Android rise troubles trad vendors


Industry research company CCS Insight said Nokia and Sony Ericsson need urgently to find some form in the market, as consumer and retailer confidence in their flagship products has been badly hit by troubled launches and new entrants are taking advantage of Google’s Android platform to win instant recognition.

Sony Ericsson’s Satio and Aino devices were launched with software issues, with the Satio temporarily withdrawn from certain retailers. The Nokia N97 and N97 mini also suffered from software issues at launch.

CCS Insight director Ben Wood said: “The one I worry deeply about is Sony Ericsson, not just because it doesn’t have the right products, but because there’s a loss of confidence in the channel with some of the quality issues that are associated with its devices.”

He went on: “Some of Nokia’s products are not looking as edgy either, and seem a bit ‘last century’ at the moment. It’s going to have to step up and this is what’s going to be interesting with the Series 40 handsets it releases, whether it can come in with some tasty QWERTY or touch-based devices.”

Wood said the pair could lose share to lesser-known vendors taking advantage of a strong Android market. “The winners could be companies we’ve not heard much about. Huawei has shown its intentions by manufacturing the T-Mobile Pulse and others like ZTE and Acer are very keen to grow their share in this market. They will come in with very low cost, smart devices.”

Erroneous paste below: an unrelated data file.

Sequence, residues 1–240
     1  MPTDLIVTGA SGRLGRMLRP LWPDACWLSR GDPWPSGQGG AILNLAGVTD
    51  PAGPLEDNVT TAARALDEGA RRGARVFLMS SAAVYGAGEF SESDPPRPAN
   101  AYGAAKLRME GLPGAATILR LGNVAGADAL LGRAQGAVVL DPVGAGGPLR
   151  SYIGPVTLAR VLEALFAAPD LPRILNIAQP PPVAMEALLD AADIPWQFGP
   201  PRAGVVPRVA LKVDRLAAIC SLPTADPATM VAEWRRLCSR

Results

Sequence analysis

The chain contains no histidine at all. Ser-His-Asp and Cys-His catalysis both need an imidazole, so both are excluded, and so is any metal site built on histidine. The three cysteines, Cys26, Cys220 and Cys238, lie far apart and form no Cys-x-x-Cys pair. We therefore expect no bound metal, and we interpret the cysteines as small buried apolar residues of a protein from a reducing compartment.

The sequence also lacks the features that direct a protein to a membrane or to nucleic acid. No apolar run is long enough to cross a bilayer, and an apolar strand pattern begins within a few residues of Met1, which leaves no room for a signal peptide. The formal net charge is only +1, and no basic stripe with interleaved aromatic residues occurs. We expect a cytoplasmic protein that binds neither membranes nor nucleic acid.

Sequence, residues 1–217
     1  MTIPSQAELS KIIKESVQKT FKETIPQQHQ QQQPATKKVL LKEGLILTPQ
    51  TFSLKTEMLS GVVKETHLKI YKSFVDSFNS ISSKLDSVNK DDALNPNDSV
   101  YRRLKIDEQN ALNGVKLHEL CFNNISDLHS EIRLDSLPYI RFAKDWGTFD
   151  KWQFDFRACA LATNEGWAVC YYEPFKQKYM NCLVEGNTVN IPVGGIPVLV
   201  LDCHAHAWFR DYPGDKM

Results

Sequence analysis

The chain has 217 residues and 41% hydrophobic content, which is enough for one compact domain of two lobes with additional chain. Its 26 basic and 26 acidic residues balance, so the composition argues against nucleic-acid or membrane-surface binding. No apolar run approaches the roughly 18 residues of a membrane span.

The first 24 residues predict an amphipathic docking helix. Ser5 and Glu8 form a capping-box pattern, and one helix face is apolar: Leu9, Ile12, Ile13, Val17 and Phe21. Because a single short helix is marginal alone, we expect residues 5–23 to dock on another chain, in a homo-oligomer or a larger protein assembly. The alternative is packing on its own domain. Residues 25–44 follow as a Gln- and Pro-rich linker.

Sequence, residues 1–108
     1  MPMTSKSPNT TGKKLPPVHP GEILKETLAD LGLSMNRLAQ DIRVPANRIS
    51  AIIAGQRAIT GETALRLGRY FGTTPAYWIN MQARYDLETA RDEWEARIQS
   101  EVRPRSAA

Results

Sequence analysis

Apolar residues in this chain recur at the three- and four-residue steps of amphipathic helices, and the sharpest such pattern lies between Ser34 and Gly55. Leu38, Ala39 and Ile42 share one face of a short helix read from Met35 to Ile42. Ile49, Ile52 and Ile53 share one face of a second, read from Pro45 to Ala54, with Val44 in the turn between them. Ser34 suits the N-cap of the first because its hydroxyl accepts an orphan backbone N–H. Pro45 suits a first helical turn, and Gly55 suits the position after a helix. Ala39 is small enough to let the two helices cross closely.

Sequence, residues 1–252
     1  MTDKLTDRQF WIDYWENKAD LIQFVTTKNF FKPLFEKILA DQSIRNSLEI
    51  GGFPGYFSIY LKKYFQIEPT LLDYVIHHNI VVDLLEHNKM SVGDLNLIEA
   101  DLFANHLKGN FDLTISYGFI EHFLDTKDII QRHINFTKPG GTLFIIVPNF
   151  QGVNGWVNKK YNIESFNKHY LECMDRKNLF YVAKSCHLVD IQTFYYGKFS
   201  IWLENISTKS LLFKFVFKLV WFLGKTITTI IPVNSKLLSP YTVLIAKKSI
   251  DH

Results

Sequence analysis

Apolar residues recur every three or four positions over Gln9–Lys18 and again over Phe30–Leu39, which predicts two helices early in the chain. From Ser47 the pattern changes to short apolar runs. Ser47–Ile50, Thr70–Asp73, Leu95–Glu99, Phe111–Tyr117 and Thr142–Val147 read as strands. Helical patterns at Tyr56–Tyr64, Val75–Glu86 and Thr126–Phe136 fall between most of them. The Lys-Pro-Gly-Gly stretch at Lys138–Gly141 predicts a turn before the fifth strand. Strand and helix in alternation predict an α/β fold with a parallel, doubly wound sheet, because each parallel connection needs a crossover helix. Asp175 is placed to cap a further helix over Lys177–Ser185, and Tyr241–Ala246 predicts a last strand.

CCS Insight reckons there could be more than 50 Android devices in the market by the end of the year. However it warned dealers at a recent T-Mobile partner conference that selling them correctly is key in any success achieved.

“There will be 50 different Android devices, maybe more,” said Wood.

“There’s been a lot of noise around Android with the release of the Nexus One (pictured) and Google stepping up what it’s doing. Dealers need to be very excited about these devices coming down dramatically in cost, which means they’re very accessible when you’re focussing on prepay.

“Having expertise at point of sale to guide customers and marry the correct tariffs to the right devices will be critical. Android will be the key platform in terms of pushing smart capabilities into prepay. You shouldn’t ignore Symbian either, although that will be a second-half play.  Nokia will follow these guys and have the scale to compete very aggressively.”